Archive for the ‘The Sims’ Tag

Apparent Plagiarism of Virtual World Photo Work on Koinup

While cruising Plurk tonight before finishing up another article, I ran across a long conversation thread begun by Strawberry Singh, one of the excellent models to be found in Second Life, and well known as a public face for the couture house of Zaara Kohine for some time.  It took me by surprise, and was rather dismaying — an account holder on Koinup, the European photo site for exclusive virtual-world work, has been scarfing photos from others, posting them to their account, and claiming them for his/her own.

There was no reason to doubt the word of reputable Residents, but a good journalist checks, and I try to be a good journalist.  Following the link took me to an account named “15love,” and right on the front page were two photos skimmed off blogs, one by Berry and the other by Dailyn Holfe(Note:  in monitoring the account, Dailyn’s picture, which was cropped to remove her name, has disappeared; Berry’s is still up.) Other pictures were attributed to The Sims and IMVU, but the graphic style was clearly not from those worlds.  Some pictures appeared to have been simply slapped into the account without even taking the effort to rename them from the “hash”-style file name automatically assigned to the original by the Koinup system.  I clipped out screenshots, which I serve up below.  (My apologies for the peculiar formatting of the page when you see it; click through on the link.)

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Contact Sheet 18

Contact Sheet is an irregular column of selected photographs and portraits from Residents of Second Life and other virtual worlds. Images used in this article are used under permission of the owners via their participation in the Creative Commons license; otherwise, all rights are reserved. Click on the links as necessary to go to the required blog, Flickr, Koinup or Snapzilla page. Please go to these artists’ pages in any case to leave comments, (as well as comments here), if you have an account on the appropriate service.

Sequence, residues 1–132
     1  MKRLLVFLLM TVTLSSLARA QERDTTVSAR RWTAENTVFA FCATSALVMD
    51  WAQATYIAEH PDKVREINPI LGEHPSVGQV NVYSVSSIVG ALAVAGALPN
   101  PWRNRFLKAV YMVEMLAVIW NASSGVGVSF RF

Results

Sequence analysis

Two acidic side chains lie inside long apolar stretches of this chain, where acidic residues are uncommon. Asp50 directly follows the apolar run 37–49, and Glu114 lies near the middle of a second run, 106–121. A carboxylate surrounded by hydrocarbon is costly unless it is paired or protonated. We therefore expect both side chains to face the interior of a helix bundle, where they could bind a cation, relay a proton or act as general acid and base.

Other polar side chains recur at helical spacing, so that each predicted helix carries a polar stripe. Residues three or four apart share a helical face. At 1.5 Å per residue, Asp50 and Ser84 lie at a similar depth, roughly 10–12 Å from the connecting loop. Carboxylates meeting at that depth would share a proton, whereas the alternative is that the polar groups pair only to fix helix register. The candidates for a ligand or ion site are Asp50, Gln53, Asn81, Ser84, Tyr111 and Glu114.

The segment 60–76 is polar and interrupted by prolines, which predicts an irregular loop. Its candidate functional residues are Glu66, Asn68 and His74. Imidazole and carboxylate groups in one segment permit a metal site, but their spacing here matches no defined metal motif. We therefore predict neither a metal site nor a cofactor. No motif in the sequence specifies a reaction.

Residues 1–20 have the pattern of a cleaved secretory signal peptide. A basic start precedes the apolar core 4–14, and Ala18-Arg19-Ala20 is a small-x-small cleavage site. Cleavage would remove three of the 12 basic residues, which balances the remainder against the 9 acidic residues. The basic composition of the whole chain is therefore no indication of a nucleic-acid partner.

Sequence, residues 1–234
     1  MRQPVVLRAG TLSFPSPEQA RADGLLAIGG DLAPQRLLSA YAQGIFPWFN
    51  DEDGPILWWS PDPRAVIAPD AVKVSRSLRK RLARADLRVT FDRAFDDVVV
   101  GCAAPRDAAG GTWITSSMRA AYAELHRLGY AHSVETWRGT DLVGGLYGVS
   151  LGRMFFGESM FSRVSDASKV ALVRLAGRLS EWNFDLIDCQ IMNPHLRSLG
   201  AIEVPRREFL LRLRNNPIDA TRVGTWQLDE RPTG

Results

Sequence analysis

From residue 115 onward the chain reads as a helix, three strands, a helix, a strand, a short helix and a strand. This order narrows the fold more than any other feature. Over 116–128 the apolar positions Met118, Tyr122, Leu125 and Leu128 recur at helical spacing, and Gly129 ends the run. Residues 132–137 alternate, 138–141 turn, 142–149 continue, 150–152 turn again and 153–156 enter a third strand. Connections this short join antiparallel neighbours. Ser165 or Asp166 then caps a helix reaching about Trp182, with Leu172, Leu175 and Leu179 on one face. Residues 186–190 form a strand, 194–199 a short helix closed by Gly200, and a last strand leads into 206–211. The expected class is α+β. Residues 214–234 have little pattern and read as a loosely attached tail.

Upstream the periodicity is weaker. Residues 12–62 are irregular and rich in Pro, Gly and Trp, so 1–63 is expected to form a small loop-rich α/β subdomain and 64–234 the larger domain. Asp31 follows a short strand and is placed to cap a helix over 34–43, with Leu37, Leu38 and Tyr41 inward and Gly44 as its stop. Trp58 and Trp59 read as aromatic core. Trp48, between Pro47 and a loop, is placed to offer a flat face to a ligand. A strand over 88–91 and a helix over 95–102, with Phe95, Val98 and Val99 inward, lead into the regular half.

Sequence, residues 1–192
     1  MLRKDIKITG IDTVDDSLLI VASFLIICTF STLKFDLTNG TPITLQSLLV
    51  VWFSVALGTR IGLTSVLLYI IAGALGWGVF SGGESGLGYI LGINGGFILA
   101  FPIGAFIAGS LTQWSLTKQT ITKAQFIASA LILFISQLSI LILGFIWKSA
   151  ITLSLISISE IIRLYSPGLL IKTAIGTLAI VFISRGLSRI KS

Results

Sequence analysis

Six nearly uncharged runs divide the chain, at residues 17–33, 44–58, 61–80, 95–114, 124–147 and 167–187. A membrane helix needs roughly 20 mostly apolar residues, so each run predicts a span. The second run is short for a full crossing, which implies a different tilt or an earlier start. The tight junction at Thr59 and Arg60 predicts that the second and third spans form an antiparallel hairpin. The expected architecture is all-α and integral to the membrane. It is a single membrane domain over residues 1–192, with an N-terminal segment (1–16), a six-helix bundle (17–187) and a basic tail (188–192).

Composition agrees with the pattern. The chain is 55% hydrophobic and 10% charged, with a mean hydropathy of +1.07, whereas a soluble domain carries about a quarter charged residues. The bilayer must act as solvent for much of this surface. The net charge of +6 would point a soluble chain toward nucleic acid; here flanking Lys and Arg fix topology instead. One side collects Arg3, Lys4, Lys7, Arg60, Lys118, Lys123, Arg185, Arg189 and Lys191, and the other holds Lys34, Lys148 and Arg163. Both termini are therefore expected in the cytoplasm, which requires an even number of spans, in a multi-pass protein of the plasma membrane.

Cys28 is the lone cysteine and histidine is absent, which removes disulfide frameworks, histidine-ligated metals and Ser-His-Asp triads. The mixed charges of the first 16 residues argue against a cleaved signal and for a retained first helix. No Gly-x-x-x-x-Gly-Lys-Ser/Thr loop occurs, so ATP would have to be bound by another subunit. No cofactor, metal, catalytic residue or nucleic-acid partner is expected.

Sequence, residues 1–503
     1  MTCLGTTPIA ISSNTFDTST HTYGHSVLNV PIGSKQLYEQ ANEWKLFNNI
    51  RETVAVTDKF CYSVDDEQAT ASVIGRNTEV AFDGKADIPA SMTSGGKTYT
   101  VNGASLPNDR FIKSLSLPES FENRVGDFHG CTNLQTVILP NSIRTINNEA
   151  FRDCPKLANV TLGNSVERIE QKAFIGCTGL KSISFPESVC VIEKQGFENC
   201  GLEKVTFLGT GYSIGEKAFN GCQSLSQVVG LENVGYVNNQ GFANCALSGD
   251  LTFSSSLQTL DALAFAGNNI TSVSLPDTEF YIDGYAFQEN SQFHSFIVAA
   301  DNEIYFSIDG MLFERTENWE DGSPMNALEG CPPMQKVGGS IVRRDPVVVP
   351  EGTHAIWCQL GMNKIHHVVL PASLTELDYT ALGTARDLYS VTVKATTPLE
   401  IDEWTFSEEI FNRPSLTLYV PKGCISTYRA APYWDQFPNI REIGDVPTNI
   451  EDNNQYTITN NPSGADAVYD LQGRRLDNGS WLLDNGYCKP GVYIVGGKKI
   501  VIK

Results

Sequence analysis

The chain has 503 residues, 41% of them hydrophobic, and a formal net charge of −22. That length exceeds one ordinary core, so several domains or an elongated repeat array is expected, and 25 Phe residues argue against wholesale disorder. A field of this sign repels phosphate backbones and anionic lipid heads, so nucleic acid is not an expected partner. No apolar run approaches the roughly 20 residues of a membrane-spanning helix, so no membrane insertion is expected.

Suggestions are appreciated; please send descriptions and links to me by in-world IM, notecard, E-mail to harper.ganesvoort@gmail.com, or leave a comment below. I can also be reached on Twitter (Harper_G) or Plurk (Harper G. — include the period!), but the message may get lost in the luminiferous æther.

NOTICE: Some of the photos/links may contain nudity. Viewer discretion advised.

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And we’re off again with another serving of virtual world photography.  Let’s see what the shutterbugs of Second Life and The Sims can offer up to us.

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I’m not much of one for “bordered” images like this; but Winter Wardhani’s Berta doesn’t lose much in the process of getting stuck in a frame.  Who Berta is is uncertain; the avatar, though, is striking, and the cave-like surroundings she stands in would bear some examination.

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You’ll more often see women standing on the seashore instead of in caves when you think of art.  The woman standing on the seashore or a widow’s walk, waiting for her lover’s ship to come home, is not an uncommon theme; and the tradition continues here with Waiting for the Ship by DreamWitch77.  These days, instead of being wrapped in homespun and a billowing cloak, a la Meryl Streep in The French Lieutenant’s Woman, you’ll find the subject in some sort of evening gown.  This one’s dress looks to be ready to turn as ephemeral as a sea mist in her skirt and train.